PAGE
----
23/01/2019
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Our top ten comedy writing tips from the experts

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Find out how to write something funny in our guide to comedy writing techniques

We all love reading books that make us laugh out loud, and many of us would like to write them too. If you’re blessed with the ability to make people laugh at your jokes, chances are you’ve thought about writing a funny book, or script, or stand-up routine. Making people laugh is a skill in real life, and in print it’s easier said than done – comedy writing is one of the hardest tricks for a writer to get right. But we can help you polish your comedy writing techniques and learn the craft of how to write funny.

The Comedy Women in Print Prize, which was launched by comedian Helen Lederer, is currently on the lookout for funny novels by women writers. They’ve sent us their top tips for how to write something funny, and we’ve rounded up advice on comedy writing techniques from some of the funniest women writers and comedians in the business to go with each point. These women all know how to make people laugh out loud, so their advice on writing comedy is well worth taking!

 

1. The main character needs to have, or appear to have, an authentic voice. If the reader doesn’t connect to the tone, the laughs won’t come.

Exercise: Write an account of a time when you stood up for something you believed in strongly and in some way fell short. It could be a story about not taking part in a demonstration you really wanted to be on because you missed the bus, or how everyone laughed at your indignant emails about the dirty office kitchen. Remember the pain and let the humour come from your own situation.

 

 

2. Comedy occurs with the meeting of two or more clearly identifiable ideas that don’t match – ie are incongruent and it’s the juxtaposition of contrasting elements (ie the odd couple/cougar and youth/posh and less posh) Laurel and Hardy that make things funny.  So think ‘incongruent thoughts!’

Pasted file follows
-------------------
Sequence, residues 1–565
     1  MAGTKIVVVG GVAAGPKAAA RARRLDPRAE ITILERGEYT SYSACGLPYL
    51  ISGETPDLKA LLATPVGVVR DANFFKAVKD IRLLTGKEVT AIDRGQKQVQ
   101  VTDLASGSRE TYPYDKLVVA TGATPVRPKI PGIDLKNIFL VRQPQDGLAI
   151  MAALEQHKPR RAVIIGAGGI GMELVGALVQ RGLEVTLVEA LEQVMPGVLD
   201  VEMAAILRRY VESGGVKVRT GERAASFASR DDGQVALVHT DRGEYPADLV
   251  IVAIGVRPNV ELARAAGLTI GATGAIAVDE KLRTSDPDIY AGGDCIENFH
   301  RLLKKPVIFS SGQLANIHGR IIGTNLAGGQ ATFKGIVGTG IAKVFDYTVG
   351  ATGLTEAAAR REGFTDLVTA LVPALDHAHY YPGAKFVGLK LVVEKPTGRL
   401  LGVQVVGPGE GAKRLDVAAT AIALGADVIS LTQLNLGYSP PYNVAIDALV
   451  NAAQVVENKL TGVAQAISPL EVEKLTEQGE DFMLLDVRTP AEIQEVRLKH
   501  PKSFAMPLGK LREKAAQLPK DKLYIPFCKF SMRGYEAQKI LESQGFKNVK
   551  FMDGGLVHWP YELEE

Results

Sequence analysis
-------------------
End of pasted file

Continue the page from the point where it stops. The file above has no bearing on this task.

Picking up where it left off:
Exercise: Write a list of clichés. Then write at least three variants on each one. Being utterly ruthless with yourself, discard all the variants that aren’t actually funny. When you have come up with one that gets a laugh, write a flash fiction to bring it to life.

 

 

 

 

 

3. Comedic scenarios often start with pain (enjoy yourself…)

Exercise: Think back to your teenage years and think of something that seemed really ghastly at the time. Start writing (without trying to be funny) and after 30 minutes, put it away. Do a new rewrite of the piece on several consecutive days and see how it changes. Is anything funny coming out of your bad experience?

 

 

 

 

4. Comedy dialogue needs to be believable to connect (read it out loud? Small words are very effective punctuation points to elicit laughs).

Exercise: Go to an café, or pub, or sit on a bus – anywhere where you can sit behind people who are talking and eavesdrop on their conversation. At some point you will overhear something that makes your ears prick up with its oddity or – even better – makes you snort with laughter. Remember the key lines of dialogue and write them down. What is is about the particular word use that got the laugh? Can you identify it? Now try and write an imaginary dialogue continuing from the phrases you overheard.